“At the end, most U.S. advisors were withdrawn. The negotiators in Paris decided there was a need to create a four-power military commission made up of Hungarians, Canadians, Poles and Indonesians who could facilitate a peace treaty between North and South Vietnam,” said Dukkony. “The commission failed because the North Vietnamese and Viet Cong decided they could win the war militarily without negotiation. Although many efforts were made, the North Vietnamese did not see any need for negotiations, and the American advisors assigned to support the four-power military commission were withdrawn and returned to the states. I returned home and set about getting my master’s degree.”

 

U.S. Army officers are encouraged to obtain a master’s degree. Since the Army needed Public Affairs officers, Dukkony went to the University of Alabama to get his master’s in journalism. He first served in Germany as the Chief of Public Affairs for the Army 32nd Air Defense Command, then served as the chief of community relations with the office of the chief of public affairs at the pentagon. For his last assignment, he served as the chief of public affairs for the Military District of Washington. The Military District of Washington is responsible for many of the military ceremonies, supporting the white house and fulfilling the president’s requirements. As a public affairs officer, Dukkony was responsible for organizing communications and handling journalists for various events. He was also the editor of Pentagram, a weekly news publication in support of Army activities in the Military District of Washington.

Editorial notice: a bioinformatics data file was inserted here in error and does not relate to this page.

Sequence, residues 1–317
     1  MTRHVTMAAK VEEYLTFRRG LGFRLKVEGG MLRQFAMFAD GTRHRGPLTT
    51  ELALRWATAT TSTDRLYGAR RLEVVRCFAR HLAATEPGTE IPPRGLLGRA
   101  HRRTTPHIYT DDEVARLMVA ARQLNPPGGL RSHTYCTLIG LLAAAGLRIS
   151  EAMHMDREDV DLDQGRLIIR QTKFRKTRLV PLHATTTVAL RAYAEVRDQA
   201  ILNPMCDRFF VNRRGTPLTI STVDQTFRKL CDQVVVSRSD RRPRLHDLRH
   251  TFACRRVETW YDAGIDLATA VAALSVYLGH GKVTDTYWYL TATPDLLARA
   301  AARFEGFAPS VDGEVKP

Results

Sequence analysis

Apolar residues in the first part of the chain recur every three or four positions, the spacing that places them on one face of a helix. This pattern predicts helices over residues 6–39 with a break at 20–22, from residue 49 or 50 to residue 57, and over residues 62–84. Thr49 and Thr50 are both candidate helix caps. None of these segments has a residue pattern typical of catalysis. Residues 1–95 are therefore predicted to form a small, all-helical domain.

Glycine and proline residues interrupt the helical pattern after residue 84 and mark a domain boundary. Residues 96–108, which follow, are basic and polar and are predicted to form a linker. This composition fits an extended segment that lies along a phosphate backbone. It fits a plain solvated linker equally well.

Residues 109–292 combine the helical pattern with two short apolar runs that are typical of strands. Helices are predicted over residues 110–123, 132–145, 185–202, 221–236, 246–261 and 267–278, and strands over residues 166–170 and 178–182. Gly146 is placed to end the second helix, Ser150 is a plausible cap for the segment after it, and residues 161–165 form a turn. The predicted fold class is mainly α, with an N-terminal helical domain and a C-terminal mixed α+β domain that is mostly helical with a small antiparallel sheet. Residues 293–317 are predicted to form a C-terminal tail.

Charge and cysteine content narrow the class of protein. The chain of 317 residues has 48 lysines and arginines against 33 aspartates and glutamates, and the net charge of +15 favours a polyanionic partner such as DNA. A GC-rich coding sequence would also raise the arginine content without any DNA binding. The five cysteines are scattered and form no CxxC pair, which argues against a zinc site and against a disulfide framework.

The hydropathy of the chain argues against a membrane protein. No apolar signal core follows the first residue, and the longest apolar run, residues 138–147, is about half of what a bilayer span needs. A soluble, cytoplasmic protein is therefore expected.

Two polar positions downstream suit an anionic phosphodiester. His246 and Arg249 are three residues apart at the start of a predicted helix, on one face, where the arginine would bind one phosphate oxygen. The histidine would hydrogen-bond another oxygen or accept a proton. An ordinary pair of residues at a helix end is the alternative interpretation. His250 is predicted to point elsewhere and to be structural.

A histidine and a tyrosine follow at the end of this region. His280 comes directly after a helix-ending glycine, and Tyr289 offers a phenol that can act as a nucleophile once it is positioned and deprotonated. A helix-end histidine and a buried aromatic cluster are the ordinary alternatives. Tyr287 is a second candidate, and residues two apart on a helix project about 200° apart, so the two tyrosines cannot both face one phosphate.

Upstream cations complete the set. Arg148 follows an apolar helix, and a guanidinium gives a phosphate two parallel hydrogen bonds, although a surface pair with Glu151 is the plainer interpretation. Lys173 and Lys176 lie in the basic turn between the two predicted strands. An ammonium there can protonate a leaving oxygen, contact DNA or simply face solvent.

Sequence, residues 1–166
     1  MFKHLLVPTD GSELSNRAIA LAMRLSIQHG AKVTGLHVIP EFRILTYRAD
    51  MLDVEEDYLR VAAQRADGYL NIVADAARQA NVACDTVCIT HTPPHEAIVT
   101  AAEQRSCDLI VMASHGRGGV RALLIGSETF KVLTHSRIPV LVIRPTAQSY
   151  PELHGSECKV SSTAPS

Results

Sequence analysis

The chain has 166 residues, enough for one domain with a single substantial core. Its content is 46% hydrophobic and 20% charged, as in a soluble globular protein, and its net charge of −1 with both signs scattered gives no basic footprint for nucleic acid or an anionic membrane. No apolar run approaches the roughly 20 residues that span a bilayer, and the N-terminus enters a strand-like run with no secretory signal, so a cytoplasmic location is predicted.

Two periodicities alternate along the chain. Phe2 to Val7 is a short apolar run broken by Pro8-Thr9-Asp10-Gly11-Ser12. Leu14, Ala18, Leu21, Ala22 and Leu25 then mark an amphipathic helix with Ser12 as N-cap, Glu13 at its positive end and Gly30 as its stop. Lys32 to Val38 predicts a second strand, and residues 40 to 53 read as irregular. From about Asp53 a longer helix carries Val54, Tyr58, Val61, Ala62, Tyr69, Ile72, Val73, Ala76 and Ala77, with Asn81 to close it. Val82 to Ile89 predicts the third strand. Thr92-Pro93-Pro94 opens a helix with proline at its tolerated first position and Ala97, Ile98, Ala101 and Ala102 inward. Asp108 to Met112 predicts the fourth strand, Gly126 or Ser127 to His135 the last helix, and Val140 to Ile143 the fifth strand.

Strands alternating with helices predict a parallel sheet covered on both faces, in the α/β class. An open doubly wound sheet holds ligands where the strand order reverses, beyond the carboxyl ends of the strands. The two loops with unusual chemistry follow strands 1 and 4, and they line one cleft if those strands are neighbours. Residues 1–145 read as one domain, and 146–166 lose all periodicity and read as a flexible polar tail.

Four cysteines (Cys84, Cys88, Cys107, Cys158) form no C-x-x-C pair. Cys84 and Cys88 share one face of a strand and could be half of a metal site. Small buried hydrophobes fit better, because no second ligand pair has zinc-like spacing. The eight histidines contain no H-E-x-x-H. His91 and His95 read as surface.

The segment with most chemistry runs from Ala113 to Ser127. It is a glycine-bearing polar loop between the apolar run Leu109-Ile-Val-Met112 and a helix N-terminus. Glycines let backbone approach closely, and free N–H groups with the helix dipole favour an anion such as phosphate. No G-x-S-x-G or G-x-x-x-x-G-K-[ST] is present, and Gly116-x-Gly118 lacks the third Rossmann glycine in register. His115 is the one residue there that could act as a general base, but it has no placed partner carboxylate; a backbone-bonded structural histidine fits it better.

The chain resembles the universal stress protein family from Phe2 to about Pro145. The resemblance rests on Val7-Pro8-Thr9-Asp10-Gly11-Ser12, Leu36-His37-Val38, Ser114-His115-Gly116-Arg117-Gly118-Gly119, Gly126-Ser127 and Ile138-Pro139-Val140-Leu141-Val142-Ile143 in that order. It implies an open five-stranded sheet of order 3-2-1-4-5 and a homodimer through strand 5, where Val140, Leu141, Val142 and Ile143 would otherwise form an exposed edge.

“Memorial Day is the one time our nation pauses to reflect upon the sacrifices men and women have made since the nation was founded,” said Dukkony. “Many gave their lives in service to the United States, and the least we can do is take one day to remember those who are no longer with us because they paid the ultimate price for the freedom we enjoy today. I knew a number of advisors who lost their lives during Vietnam, and several of my high school friends were killed in Korea. All career officers have lost a number of fellow officers and enlisted people we served with through the years. So come Memorial Day, it is particularly meaningful for us as it has touched our lives through the loss of friends during our careers. This coming Memorial Day, I will reflect on my service and the people who served our country just as I tried to do.”

 

This Memorial Day, La Posada residents will gather for a presentation of colors and a performance of patriotic songs by the community’s resident chorus.

 

“It is a rare opportunity to hear the accounts of veterans from the Korean War and Vietnam War, and Steve’s experiences are both varied and fascinating,” said Brad Cadiere, executive director of La Posada. “We are honored to come together and recognize the sacrifices made by the United States military. It is a solemn time of remembrance for many, and as we come together, we will think back on all the outstanding individuals who gave their lives to preserve our freedom.”